Stephen Tanzer 95-97
"(from vines facing southeast, whereas the "regular" Clos de Beze is from south-facing vines; these vines are also a bit older: 55 years vs. 45): Good deep red. A coulis of red fruits sharpened by blood orange on the nose. Less reduced and more vibrant than the cuvee classique and utterly primary in the mouth, with pure fruit flavors framed and lifted by underlying minerality and perfectly integrated acidity. The explosive, highly perfumed finish features outstanding grip and punch and unflagging perfume. There will be just 4 barrels of this juice in 2011 (the cuvee was originally introduced in 2009), vs. 15 of the basic bottling. Hervet believes the two versions are of roughly equal quality, but today the Ouvrees Rodin is singing." ~S.T.
From Allen Meadows (Burghound): "As I explained when it was introduced last year, 2011 will also see the special cuvée of Clos de Bèze, which is called Les Ouvrées Rodin and is named after the sculptor Auguste Rodin. [An ouvrée is an old Burgundian land measurement approximating .0428 ha and there are about 24 ouvrées in a hectare. Before the days of mechanization, one ouvrée was the notional amount of land that could be tended by one worker manually in one day and because the holdings in Burgundy are often so small, this measurement is still in use today.] The Domaine owns three discrete parcels within Clos de Bèze which total a relatively large 1.29 ha. The selection itself comes from the parcel with the oldest vines. As it was in 2010, Hervet indicated that the special cuvée will be sold via allocation only in 2011 so obtaining a few bottles may prove to be a challenge but should you have the opportunity, as my note would suggest, don’t pass it up."
Domaine FaiveleyView all from Domaine Faiveley
In 1825, Pierre Faiveley founded the firm that now bears the name Domaine Faiveley. At that time, the firm was a classic négociant, buying and selling wine. But from generation to generation, with a strong commitment to the quality of Burgundy's patrimony, the Faiveley family has purchased vineyards and is today among the largest owners of classified vineyards in the Côte de Nuits, Côte de Beaune and Côte Chalonnaise. On October 15, 2013, in a surprise announcement, Domaine Faiveley reported it had acquired 20 hectares of vines previously owned by Domaine Dupont-Tisserandot, which is based in Gevrey-Chambertin. All together, the firm now presently owns 123 hectares of vineyards among which 12 hectares are grands crus and 27, premiers crus.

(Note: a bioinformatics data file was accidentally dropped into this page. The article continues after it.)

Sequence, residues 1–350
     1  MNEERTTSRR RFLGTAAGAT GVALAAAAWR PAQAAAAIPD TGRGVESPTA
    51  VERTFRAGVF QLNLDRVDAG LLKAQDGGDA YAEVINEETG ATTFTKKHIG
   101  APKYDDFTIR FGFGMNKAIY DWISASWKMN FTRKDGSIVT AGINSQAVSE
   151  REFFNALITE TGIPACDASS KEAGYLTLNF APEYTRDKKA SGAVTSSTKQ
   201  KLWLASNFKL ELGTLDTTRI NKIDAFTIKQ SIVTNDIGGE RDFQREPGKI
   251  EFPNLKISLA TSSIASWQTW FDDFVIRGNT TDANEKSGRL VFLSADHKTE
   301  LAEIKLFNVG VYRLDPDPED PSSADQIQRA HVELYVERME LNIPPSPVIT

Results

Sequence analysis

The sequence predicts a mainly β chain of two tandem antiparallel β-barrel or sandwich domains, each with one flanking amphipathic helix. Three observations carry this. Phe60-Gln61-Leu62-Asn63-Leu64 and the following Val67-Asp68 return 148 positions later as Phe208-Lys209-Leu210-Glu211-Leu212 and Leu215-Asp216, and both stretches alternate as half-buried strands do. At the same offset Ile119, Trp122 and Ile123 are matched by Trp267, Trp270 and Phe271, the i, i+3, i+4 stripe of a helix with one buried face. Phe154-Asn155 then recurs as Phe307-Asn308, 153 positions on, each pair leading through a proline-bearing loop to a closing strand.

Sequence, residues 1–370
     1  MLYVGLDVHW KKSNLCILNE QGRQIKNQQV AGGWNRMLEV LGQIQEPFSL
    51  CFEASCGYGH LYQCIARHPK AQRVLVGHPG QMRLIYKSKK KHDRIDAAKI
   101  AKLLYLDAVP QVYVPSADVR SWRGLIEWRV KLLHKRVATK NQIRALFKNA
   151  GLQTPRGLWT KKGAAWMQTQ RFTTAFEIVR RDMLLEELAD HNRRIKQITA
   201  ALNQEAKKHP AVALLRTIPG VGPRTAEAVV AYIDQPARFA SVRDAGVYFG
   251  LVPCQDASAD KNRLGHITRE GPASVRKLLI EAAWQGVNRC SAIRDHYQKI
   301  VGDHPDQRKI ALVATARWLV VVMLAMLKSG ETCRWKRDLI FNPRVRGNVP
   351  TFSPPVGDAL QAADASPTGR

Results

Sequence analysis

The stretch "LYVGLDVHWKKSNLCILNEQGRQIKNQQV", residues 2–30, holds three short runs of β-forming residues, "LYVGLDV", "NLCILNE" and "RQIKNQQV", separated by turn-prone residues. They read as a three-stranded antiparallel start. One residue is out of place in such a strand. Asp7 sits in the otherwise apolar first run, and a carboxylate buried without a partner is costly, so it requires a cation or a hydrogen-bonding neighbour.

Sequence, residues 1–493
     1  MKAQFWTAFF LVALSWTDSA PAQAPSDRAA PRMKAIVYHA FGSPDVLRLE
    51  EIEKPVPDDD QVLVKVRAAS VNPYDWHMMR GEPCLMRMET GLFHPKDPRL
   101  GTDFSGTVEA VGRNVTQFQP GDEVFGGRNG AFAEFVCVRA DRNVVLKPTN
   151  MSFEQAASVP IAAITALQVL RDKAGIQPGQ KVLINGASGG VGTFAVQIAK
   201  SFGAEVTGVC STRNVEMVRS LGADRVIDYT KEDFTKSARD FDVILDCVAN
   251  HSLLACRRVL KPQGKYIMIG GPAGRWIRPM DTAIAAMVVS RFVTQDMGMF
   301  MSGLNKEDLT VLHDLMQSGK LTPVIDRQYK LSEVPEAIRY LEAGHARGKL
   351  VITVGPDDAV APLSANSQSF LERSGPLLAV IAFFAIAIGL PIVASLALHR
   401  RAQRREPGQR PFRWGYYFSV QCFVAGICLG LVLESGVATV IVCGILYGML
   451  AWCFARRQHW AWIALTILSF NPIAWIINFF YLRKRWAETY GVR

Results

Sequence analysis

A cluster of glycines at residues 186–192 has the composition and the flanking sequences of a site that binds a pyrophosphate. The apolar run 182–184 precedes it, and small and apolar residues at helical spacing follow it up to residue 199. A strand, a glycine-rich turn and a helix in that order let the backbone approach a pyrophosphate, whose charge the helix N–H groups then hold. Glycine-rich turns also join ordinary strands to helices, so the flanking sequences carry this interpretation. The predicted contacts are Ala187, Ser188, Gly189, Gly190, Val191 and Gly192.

The objective of the family today, led by Erwan Faiveley, is to increase the firm's holdings of great vineyards so that there can be complete control from vine to bottle across the entire range of wines. Along with this focus, Erwan Faiveley and General Manager Bernard Hervet have renovated the cellars, which now boast state-of-the-art barrel presses, custom-designed wooden vats and among the finest, air-cured oak casks available in the world.
Unlike many wine growers, Domaine Faiveley has united the management of its vineyards and its cellar under the direction of one technical director, Jerome Flous. The result is seamless integration of the wines. Domaine Faiveley wines are widely recognized for being among the finest produced in Burgundy and Domaine Faiveley among the finest wine producers in the world.